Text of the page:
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The Disordered, an impressive first book, awakens the haunted mind. The language of this book “leaps from eardrum to eardrum” through an undulating rhythm of prose poems, free verse, footnotes, and an appendix. The poet guides us “closer to the bone” of experience, in which stories are stored in the stomach, and “the real war is the hidden radiation in our lawns.” Anhvu Buchanan is an exciting poet who is “trying to recover our eyes” in his search for “a necklace made from compass parts” in a world of broken recipes, broken bulbs, broken solar panels, and broken bodies. In these hymns, songs, and mirrors, we learn that the “I” is “us” and memory is “burnt to the bone.”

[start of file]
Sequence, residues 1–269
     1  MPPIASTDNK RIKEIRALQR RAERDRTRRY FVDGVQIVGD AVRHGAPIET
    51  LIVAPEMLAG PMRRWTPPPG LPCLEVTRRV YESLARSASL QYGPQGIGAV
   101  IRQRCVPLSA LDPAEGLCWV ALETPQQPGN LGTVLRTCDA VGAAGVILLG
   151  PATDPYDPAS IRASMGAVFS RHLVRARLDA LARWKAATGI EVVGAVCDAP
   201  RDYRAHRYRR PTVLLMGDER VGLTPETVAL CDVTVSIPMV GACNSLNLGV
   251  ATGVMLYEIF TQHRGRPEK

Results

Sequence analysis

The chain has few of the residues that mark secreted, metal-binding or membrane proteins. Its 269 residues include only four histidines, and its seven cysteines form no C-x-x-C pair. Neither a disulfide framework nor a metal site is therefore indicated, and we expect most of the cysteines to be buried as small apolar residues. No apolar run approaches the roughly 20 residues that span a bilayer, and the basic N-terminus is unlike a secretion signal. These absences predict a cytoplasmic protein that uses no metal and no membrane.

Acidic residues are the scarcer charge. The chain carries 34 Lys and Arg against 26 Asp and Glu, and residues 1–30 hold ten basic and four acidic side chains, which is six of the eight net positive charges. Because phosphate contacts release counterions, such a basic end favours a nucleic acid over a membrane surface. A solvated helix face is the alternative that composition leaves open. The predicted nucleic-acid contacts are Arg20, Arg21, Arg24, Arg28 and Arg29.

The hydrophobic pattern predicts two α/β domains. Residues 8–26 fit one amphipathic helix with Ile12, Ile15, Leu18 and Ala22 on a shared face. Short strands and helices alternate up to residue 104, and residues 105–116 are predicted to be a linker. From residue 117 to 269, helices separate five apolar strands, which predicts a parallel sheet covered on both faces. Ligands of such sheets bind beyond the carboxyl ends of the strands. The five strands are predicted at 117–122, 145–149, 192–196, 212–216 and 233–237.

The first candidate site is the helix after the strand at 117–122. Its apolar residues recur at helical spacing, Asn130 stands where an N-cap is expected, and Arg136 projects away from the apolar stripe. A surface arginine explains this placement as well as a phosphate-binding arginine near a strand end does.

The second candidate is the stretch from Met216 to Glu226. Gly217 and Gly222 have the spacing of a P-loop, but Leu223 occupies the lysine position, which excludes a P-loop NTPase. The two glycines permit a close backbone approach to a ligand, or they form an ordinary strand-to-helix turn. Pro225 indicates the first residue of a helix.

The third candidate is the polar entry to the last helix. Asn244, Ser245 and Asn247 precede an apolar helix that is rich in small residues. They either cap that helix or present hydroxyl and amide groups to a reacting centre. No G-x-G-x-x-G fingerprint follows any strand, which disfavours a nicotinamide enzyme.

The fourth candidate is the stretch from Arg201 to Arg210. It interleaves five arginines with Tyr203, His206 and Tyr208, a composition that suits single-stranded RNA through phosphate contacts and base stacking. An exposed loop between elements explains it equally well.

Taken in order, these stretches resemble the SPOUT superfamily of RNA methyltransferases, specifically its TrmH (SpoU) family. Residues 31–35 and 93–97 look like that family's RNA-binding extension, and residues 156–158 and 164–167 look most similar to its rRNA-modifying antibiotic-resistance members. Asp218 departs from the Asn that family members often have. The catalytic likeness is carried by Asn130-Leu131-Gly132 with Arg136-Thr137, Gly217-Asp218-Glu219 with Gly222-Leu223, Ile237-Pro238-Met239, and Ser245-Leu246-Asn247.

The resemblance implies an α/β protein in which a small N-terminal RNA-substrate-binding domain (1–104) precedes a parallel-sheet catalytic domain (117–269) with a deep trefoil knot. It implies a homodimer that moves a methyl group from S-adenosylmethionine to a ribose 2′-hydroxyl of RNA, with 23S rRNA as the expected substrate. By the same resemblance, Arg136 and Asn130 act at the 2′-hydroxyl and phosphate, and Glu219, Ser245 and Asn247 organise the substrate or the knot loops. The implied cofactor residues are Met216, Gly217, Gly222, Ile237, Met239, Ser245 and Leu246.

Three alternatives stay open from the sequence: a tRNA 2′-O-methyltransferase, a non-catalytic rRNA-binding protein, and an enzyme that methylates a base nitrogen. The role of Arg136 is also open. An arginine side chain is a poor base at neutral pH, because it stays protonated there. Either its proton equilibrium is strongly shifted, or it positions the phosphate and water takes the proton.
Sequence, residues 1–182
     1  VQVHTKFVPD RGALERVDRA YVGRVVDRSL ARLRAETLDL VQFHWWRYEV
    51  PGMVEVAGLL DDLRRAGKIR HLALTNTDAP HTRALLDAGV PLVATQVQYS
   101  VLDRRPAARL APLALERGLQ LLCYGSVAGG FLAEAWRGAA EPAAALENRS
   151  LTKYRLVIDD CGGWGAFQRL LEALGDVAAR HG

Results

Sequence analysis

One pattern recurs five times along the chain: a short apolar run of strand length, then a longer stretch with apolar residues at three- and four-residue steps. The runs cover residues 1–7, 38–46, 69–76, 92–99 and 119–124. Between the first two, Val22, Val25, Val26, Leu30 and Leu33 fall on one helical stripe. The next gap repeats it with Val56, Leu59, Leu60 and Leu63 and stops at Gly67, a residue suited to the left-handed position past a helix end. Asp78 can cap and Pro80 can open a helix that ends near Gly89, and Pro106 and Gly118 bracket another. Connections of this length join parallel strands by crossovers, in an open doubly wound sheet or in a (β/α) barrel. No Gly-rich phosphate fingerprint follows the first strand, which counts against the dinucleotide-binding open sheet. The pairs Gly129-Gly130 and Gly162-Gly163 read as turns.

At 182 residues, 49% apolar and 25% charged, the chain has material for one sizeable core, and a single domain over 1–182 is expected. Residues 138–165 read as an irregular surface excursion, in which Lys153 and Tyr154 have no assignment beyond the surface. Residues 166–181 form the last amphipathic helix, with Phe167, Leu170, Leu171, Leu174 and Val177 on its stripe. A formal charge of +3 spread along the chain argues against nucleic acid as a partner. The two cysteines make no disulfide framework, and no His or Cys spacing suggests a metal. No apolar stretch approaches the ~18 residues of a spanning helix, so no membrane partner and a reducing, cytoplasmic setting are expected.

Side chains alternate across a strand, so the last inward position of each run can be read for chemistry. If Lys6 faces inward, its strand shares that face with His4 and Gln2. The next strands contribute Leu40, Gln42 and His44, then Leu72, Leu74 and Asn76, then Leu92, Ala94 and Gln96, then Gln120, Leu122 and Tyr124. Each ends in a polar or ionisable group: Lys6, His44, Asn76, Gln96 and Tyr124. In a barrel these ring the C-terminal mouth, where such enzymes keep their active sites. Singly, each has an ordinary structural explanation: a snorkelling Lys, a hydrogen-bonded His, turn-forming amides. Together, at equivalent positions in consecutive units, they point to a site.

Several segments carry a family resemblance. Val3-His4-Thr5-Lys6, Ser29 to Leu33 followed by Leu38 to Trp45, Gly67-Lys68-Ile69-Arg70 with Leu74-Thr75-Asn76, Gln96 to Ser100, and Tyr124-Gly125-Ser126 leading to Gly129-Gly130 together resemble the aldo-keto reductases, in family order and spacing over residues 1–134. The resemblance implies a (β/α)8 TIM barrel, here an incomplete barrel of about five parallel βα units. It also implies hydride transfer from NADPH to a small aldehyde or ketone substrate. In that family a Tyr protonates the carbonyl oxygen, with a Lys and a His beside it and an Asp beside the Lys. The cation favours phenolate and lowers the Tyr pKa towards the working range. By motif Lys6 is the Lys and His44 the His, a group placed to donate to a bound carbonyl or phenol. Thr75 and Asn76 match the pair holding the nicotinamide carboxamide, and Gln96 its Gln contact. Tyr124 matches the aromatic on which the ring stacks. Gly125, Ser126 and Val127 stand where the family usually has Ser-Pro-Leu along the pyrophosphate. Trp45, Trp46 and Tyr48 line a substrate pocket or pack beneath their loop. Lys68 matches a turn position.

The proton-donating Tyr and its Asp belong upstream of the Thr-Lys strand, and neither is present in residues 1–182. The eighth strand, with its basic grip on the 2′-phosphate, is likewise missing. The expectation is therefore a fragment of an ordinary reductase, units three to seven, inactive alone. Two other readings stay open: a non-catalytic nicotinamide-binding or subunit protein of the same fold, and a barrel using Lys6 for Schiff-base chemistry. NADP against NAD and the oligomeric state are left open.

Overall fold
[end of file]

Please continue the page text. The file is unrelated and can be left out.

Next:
–Craig Santos Perez

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The first coconut tree in Samoa grew from the buried head of an eel. Husk the coconut and its eyes stare at you. Now turn your eyes towards these impressive poems and witness how the fibers of experience and memory are twisted into stories strong enough to tie together a fale (house) or vaʻa (canoe). Just as coconut leaves are used to weave baskets, fans, and mats, Dan Taulapapa McMullin weaves multiple languages and poetic forms to address themes of migration, gender, colonialism, and sexuality in his first collection, Coconut Milk. At its sacred center lies the rich meat: the “faʻafafine,” an identity within Samoan culture that McMullin shows is much more complex, intimate, erotic, humorous, and natural, than simply “gay.” Throughout, the unfolding waves of words press and sieve the coconut meat into milk and oil, which nourish the Pacific body and give it a “faʻafafine shine.” When you open the shell of this book and drink from its mouth, you will be kissing the eel. You will be kissing “the sea filled with rainbows.”

–Craig Santos Perez

© , Craig Santos Perez | Visual design by Jai Arun Ravine.